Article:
Lawsuit alleges widespread abuse at L.A. County juvenile detention camp
A lawsuit filed on March 9 details horrific allegations of sexual abuse against at least 20 women who attended Los Angeles County’s female juvenile detention facility Camp Scott.
The alleged acts took place between 1996 and 2008. Staff are accused of grooming and assaulting young girls at the military-style boot camp in Santa Clarita. In one instance, a girl was allegedly impregnated by one of the staff members.
“It does not surprise me. The conditions were horrible,” former Probation Oversight Committee Commissioner Joe Kaplan told the Los Angeles Times. “The probation department heads at the time allowed children’s lives to be ruined every day.”
One victim told the Times that probation officers would pick the girl or girls they wanted to have a sexual relationship with. Girls were claimed, rated, and traded like property, according to attorney John Manly. In some cases, the abuse continued after the girls left the facility.
This is not the first time Camp Scott has come up as it relates to sexual abuse. The results of a federal investigation released in 2008 revealed systemic abuse at Los Angeles juvenile camps. A Camp Scott staffer was implicated in two prior abuse reports. Camp Scott was called out for failing to report an inappropriate relationship between a staffer and a juvenile to the Department of Children and Family Services.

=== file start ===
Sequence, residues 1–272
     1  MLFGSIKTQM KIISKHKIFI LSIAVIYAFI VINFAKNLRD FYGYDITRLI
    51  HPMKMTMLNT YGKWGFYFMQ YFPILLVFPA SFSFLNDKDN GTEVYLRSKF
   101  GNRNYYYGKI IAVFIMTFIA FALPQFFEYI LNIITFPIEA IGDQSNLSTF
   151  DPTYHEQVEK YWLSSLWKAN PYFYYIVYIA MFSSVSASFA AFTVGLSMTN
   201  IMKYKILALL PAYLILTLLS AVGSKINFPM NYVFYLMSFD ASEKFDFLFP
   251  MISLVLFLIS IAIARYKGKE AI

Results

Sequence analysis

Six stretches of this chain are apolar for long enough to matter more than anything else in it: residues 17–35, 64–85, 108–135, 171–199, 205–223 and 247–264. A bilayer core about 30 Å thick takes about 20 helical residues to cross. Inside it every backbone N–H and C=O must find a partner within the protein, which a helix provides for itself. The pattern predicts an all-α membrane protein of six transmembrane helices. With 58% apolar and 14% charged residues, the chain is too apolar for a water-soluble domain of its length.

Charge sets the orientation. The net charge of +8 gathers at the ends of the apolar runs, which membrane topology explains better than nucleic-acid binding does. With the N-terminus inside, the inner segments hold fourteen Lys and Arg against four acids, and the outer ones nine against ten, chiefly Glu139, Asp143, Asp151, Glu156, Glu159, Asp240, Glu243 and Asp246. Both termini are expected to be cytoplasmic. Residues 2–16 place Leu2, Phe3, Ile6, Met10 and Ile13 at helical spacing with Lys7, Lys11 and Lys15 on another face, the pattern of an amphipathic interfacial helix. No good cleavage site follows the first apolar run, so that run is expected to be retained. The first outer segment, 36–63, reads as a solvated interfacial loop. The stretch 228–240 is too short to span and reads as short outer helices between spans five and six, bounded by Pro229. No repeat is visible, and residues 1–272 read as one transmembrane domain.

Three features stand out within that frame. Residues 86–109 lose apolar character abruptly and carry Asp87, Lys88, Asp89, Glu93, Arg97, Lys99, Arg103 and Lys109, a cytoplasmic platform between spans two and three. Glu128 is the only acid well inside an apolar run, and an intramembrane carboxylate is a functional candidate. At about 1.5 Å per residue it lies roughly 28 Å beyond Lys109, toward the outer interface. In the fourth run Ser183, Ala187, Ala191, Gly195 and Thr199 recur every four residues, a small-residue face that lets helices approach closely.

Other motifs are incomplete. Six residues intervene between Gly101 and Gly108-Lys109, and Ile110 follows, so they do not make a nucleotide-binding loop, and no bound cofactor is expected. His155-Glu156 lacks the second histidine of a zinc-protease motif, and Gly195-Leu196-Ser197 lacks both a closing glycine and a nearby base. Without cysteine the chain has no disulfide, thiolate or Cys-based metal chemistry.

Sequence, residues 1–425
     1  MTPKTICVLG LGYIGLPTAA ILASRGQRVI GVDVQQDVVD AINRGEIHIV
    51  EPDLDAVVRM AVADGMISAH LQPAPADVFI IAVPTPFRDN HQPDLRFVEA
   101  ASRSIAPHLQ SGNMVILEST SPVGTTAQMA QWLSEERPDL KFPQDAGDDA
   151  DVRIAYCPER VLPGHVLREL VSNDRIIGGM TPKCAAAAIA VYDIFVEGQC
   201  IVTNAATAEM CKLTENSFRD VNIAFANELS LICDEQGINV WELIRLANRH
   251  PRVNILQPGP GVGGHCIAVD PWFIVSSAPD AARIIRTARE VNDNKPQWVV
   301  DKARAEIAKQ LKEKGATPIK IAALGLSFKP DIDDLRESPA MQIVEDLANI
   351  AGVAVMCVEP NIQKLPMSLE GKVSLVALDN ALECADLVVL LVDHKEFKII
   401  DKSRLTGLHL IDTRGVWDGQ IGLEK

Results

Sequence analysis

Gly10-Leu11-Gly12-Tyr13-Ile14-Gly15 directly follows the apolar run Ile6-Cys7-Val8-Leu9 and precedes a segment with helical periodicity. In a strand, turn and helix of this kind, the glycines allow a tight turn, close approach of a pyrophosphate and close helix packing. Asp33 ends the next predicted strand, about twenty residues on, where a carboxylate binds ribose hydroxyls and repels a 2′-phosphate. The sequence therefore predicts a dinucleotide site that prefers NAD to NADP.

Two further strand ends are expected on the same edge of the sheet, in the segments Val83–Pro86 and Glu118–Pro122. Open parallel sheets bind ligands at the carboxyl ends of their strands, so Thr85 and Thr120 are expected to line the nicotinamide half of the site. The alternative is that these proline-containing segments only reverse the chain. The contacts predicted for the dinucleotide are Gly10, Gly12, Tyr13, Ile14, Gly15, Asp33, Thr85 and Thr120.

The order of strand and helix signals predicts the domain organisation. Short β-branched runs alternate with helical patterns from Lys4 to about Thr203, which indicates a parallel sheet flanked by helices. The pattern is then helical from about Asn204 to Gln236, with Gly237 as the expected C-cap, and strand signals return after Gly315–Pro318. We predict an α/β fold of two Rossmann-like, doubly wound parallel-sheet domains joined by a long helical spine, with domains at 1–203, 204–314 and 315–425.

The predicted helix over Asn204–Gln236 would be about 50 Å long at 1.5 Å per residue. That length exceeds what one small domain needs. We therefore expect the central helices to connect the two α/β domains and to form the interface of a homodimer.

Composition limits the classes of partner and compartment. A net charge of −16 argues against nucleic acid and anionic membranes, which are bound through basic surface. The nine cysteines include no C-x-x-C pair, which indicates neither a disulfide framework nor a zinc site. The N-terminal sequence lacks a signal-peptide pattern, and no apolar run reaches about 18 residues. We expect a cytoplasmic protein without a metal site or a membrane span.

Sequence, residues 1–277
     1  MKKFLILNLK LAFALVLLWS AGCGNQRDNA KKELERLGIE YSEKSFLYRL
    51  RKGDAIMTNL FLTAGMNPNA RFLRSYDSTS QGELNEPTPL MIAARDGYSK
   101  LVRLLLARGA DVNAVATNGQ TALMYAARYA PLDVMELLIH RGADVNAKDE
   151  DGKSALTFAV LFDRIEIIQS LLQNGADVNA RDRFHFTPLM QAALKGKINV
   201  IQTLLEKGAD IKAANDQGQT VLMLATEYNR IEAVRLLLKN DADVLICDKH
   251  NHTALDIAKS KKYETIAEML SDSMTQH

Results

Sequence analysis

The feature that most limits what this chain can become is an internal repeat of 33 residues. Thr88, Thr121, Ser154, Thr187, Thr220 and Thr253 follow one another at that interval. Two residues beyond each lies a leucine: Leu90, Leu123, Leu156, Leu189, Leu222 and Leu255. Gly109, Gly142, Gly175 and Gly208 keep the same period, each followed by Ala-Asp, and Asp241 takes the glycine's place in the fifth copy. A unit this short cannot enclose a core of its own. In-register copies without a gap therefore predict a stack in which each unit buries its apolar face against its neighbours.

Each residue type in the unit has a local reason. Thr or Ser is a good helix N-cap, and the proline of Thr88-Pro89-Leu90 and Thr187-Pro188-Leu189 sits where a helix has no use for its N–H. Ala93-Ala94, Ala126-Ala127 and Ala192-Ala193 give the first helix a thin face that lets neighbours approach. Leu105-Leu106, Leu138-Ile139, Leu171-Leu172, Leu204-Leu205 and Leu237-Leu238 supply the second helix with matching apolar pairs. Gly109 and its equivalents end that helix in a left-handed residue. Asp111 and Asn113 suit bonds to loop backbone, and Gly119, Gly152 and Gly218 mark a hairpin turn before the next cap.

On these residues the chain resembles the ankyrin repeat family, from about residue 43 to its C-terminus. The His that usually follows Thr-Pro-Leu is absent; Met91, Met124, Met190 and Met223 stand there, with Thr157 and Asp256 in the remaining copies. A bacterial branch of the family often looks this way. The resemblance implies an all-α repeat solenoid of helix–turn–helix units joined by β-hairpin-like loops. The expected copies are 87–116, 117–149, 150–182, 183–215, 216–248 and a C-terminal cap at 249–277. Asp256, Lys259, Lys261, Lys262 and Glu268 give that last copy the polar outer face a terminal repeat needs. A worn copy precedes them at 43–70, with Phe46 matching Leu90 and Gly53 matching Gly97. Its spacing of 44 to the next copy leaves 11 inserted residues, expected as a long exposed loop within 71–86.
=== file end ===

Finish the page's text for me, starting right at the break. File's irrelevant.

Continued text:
The county hired independent monitors to increase safety at the county’s youth facilities after the 2008 report. Nevertheless, the most recent lawsuit says the county did not do enough to protect the children. In 2010, a Los Angeles Times investigation found that 11 people working in L.A. juvenile detention halls and camps had been convicted of crimes or punished for inappropriate conduct with probationers.
In 2020, Los Angeles County supervisors voted to transition juvenile probation to a new Department of Youth Development model. In the coming years, the county’s juvenile probation system will be replaced with a new agency that emphasizes emotional support and counseling instead of detention.